A look at the growing number of grassroots organizations focused on serving nutritious food and creating jobs for people in recovery.
A unique initiative growing in the Ohio Valley is hitting at more than one issue plaguing the region with one all-encompassing goal: to hire people in recovery to grow and serve nutritious food to the community.
“[In West Virginia] we have the highest rate for obesity, and we have the highest rate for overdoses,” said Cheryl Laws, CEO and founder of Pollen8, one organization participating in the regional agriculture and food service project known as the Appalachian Food Enterprise (AFE). “But what we’re trying to do with the Appalachian Food Enterprise is take that negativity and show how to fix it.”
Last October, the AFE received a $760,000 federal grant from the Department of Health and Human Services, WFPL reported. The goal of the program is to create 46 jobs over the next 3 years for people in recovery from substance use disorder or coming out of prison, according to the Charleston Gazette-Mail.
These “re-entry populations” often have a hard time finding a job. By training and employing them in farming and food service, they are being empowered with marketable skills and are provided a community as well.
“So not only are we really working to increase healthy food access, we’re also working to address the issue of finding jobs for individuals who are coming out of recovery, and who are coming out of prison,” said Reginald E. Jones, CEO of the Kanawha Institute for Social Research & Action. “If we do not hire them, they’re still a marketable person because of the skills that they developed along that continuum.”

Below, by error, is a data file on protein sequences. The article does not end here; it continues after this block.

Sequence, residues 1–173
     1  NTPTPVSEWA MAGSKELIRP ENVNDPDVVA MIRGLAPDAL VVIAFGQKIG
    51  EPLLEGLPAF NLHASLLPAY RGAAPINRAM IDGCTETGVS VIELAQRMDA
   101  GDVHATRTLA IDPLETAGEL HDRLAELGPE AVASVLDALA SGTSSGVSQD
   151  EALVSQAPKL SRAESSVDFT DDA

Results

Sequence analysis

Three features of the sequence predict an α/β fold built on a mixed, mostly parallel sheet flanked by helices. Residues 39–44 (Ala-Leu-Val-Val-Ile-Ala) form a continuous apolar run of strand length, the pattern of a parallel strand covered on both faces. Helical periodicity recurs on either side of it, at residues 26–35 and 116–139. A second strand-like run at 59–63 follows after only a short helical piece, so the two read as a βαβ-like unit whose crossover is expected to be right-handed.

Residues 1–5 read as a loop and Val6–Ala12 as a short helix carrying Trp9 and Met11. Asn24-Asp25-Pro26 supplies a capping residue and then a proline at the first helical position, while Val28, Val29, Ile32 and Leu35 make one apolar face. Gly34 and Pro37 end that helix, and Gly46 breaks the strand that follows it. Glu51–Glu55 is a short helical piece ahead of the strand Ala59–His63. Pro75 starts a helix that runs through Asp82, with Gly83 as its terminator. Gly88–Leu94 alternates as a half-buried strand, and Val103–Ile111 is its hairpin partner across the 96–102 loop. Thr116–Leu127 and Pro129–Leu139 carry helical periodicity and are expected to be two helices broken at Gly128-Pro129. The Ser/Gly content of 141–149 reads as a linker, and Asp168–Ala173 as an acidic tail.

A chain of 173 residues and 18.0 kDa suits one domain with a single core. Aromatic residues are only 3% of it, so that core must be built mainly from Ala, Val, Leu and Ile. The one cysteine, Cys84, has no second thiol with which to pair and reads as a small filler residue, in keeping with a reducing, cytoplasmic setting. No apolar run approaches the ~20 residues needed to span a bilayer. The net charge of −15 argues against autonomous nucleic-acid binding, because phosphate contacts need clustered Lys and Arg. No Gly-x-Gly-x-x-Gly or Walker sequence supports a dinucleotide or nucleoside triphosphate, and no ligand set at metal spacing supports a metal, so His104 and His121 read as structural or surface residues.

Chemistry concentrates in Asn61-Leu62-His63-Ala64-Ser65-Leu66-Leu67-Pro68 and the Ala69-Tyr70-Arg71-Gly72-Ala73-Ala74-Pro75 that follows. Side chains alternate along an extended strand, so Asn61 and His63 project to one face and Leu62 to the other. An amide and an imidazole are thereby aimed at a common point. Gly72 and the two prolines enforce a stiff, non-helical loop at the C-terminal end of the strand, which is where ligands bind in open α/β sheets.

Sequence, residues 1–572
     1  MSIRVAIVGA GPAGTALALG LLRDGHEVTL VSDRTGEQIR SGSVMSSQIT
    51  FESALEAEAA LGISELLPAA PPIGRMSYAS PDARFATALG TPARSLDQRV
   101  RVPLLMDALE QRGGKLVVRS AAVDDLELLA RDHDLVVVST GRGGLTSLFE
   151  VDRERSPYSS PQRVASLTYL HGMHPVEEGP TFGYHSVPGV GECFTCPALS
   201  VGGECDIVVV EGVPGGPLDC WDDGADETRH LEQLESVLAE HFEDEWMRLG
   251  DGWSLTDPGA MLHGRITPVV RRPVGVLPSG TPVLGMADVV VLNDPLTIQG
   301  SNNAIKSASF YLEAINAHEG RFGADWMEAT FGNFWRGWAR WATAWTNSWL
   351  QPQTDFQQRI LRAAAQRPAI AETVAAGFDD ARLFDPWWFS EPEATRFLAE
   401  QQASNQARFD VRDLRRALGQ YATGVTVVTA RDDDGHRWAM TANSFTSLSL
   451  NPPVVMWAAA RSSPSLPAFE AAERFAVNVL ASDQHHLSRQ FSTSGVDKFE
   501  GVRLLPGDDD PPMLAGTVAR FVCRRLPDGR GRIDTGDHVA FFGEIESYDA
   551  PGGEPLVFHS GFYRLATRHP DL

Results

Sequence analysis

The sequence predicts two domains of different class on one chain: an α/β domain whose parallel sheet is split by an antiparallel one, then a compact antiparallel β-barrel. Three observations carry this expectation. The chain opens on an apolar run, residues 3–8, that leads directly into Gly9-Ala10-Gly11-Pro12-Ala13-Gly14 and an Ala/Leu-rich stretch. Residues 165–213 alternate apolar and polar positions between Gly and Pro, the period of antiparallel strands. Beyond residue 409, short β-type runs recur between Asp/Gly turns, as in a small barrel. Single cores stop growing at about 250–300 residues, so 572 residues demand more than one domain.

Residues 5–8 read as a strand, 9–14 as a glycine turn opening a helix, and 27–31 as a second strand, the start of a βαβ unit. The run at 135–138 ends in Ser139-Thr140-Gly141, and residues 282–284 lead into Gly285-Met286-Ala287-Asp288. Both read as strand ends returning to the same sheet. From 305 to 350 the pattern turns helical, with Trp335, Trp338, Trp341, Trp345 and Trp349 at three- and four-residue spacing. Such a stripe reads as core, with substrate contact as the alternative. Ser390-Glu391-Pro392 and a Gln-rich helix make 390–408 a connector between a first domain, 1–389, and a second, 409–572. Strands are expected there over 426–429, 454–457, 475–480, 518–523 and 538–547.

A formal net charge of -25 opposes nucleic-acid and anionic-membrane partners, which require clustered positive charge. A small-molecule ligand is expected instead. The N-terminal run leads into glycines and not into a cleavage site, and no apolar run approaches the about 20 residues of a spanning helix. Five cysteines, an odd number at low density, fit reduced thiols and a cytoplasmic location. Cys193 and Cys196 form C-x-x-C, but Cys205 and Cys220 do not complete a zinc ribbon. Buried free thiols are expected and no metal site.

One example is Gro Huntington, an urban farm based in Huntington, West Virginia. The non-profit operation, which provides fresh food to farmers markets and restaurants, is managed by people in recovery from local treatment facilities.
DV8 Kitchen is a restaurant in Frankfort, Kentucky whose recovery-driven mission has been covered by NBC News, The New York Times and more. Nearly every staff member at DV8 is in recovery, down to owner Rob Perez (28 years in recovery). The restaurant’s dedication to their staff’s recovery is clear—they close the kitchen early so staff can make therapy appointments, and they require staff to live in sober housing while they are working there.
Cafe Appalachia is another example of a grassroots enterprise promoting nutritious food, recovery and job opportunities. It is comprised of a restaurant cafe located in South Charleston, West Virginia, an urban farm in nearby Dunbar, and soon a food truck and catering business. Staff begin their training at Paradise Farms, where they learn about farming, and then learn how to work in food service at the cafe.
“The idea of the enterprise as a whole is that we want to be able to take a seed, put it in the ground, grow it, harvest it, process it, and get it out to the social enterprises, like the cafe, like the catering business, like the food truck, and create training opportunities and jobs along that entire continuum,” said Jones.
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